4 Tips That Can Help You With Negotiating With Banks For Their Foreclosed Properties

Last Updated on March 3, 2014 by Contributing Author | Filed under: - 8 Comments

This is a guest post by Ronald Cagape of Living Cashflow 101.

Negotiating with banks for their foreclosed assets can be scary and intimidating when you haven’t done it.

We always have this image in our mind that bankers are snobbish people who look at you from head to toe and make a quick evaluation if you have money or not. That image may have been true in the past but competition has driven banks to become better at customer service and thus be nicer to prospective customers.

Since you are a prospective buyer of real estate, they will also be nicer to you.

Here are some tips when negotiating with banks especially if you feel that you have zero negotiating skills.

  1. Start with the smaller banks. It can really be intimidating to negotiate with the big banks like Metrobank or BDO but the smaller ones are manageable. Usually, you will talk with account officers first. You don’t need to make an offer right away. Establish rapport first with the officer. Get to know their inventory and their processes.
  2. Learn how to write an offer. An offer is not just a document where you put your price and terms. Make a cover letter for the offer that explains the rationale for your price. When we bought from a bank, we wrote in our cover letter that the property needed massive repairs and the location was not desirable because of squatters in the area. That set them up for the low-ball offer that we were about to give. When you make the offer, it should be something that they will refuse. That’s right, they are supposed to reject your first offer. If they accept it right away, then your offer was too high.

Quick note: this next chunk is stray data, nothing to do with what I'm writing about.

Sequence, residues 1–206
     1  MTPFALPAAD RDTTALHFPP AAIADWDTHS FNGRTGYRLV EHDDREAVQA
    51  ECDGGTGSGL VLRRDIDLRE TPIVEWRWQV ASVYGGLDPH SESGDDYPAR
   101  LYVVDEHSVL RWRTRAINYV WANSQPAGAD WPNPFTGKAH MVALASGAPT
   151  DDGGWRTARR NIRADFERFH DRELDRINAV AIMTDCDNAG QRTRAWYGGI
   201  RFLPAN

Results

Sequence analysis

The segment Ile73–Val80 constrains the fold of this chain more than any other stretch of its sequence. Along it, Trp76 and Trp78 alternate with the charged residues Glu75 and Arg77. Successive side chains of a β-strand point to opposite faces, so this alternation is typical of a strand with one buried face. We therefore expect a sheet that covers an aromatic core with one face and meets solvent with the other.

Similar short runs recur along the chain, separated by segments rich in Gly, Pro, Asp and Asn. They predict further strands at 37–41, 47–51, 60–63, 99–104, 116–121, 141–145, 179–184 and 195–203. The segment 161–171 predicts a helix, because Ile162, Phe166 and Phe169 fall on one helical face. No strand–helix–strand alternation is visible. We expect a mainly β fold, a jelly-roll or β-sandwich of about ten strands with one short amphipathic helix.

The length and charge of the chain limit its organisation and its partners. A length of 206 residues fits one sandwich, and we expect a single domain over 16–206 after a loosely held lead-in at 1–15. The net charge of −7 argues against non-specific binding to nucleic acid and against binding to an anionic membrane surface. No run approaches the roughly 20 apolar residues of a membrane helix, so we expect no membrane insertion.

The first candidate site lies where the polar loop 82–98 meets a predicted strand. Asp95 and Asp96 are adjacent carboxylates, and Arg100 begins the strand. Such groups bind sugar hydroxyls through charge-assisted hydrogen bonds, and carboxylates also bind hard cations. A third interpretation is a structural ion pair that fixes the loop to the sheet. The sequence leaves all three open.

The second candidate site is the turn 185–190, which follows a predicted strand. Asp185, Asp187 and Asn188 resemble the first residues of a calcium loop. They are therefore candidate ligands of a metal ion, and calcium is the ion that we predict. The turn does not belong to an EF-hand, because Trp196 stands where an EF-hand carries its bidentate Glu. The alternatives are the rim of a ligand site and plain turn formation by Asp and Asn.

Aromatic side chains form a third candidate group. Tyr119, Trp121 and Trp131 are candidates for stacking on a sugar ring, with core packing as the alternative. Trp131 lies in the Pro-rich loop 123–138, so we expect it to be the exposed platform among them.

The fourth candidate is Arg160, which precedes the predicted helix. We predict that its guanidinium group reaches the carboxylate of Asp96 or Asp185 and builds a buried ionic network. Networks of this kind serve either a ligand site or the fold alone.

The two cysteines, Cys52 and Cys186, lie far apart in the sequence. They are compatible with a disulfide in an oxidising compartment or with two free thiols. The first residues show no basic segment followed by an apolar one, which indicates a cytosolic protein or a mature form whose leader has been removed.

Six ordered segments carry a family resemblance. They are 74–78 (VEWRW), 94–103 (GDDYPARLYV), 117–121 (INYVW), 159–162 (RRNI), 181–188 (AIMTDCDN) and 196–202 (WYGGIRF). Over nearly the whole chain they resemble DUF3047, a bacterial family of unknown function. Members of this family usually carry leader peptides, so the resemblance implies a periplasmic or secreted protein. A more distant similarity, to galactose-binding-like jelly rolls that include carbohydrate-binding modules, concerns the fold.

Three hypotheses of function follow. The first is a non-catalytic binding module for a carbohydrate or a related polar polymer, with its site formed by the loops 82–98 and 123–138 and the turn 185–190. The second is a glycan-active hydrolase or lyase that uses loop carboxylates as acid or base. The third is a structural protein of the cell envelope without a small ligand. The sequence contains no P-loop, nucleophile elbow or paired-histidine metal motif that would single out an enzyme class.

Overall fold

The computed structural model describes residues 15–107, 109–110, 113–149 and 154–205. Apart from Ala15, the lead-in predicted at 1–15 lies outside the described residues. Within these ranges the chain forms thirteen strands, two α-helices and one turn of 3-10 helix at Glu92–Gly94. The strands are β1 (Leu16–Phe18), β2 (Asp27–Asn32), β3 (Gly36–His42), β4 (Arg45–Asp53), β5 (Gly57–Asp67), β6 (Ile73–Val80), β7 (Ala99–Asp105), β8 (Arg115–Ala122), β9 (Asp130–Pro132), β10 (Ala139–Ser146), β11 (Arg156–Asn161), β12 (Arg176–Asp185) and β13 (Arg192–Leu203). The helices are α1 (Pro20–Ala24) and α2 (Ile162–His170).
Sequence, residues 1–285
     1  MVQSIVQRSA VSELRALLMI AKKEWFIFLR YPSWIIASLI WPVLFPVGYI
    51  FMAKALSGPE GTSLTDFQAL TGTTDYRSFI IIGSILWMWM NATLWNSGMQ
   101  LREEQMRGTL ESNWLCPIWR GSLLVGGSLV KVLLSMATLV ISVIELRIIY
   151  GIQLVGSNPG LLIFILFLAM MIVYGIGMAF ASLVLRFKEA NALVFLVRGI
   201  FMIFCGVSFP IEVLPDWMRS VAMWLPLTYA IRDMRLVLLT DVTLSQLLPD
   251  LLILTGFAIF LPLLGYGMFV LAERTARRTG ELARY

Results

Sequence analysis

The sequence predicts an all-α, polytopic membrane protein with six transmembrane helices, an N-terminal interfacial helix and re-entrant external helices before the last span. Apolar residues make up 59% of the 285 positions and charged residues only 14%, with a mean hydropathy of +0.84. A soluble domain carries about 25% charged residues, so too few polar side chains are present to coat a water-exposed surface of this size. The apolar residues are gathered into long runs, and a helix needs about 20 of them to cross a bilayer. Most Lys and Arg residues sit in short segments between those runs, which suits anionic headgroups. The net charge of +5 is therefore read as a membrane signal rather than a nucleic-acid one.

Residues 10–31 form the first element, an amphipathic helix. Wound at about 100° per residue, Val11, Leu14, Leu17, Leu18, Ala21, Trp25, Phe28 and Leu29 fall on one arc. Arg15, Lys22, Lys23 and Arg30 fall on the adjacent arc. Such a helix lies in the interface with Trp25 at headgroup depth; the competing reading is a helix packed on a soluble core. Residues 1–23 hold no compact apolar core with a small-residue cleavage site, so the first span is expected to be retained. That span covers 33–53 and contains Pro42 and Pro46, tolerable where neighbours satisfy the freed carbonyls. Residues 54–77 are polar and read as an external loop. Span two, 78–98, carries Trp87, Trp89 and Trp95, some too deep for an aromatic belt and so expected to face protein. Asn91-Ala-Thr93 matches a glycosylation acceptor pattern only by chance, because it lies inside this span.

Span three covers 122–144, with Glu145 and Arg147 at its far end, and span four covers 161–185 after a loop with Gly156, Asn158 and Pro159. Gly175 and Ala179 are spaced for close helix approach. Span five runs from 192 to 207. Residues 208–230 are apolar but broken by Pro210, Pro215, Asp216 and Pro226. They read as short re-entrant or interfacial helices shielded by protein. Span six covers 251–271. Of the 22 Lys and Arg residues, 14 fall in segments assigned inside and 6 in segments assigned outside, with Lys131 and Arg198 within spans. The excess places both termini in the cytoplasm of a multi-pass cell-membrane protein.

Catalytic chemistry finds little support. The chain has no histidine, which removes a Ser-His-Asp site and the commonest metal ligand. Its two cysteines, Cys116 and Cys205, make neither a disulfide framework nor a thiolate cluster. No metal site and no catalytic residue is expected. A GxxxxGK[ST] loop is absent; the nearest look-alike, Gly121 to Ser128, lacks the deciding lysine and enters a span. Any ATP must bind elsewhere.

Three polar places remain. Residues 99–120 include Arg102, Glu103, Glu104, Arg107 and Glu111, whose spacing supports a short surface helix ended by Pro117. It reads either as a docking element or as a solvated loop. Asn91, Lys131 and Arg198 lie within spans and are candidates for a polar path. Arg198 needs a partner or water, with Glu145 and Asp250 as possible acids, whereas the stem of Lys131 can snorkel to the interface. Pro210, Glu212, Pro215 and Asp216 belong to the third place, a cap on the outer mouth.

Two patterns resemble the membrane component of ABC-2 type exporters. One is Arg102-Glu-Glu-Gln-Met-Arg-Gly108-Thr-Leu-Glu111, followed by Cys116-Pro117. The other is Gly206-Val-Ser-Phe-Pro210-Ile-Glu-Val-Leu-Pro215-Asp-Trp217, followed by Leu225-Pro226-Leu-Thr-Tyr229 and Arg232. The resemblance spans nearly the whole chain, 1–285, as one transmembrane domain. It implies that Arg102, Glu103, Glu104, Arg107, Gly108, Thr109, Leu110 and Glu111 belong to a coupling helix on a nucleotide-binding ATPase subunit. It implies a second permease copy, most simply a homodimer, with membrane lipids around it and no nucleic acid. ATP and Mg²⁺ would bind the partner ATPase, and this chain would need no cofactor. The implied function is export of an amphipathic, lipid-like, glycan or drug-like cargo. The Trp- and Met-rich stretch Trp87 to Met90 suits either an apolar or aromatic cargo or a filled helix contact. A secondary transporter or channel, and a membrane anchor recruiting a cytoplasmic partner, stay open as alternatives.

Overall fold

3. If you don’t want to negotiate in person because you are too afraid then use a fax machine. Fax your offer then follow-up on the phone. Let your offer do the talking. Make sure to appear though when the bank accepts your offer.
  4. Make a lot of offers. When they reject your first offer, ask for a counter-offer. If they move in price then you know that they are willing to negotiate. If not, fax the offer next month or 3 months from now if the property is still for sale.

Negotiating with banks need not be a terrifying experience. Get over the fear and start faxing your offers.

Photo credits: LuMaxArt

About The Author: Ronald Cagape is a real estate broker and investor. He teaches investing through the Cashflow 101 Game.


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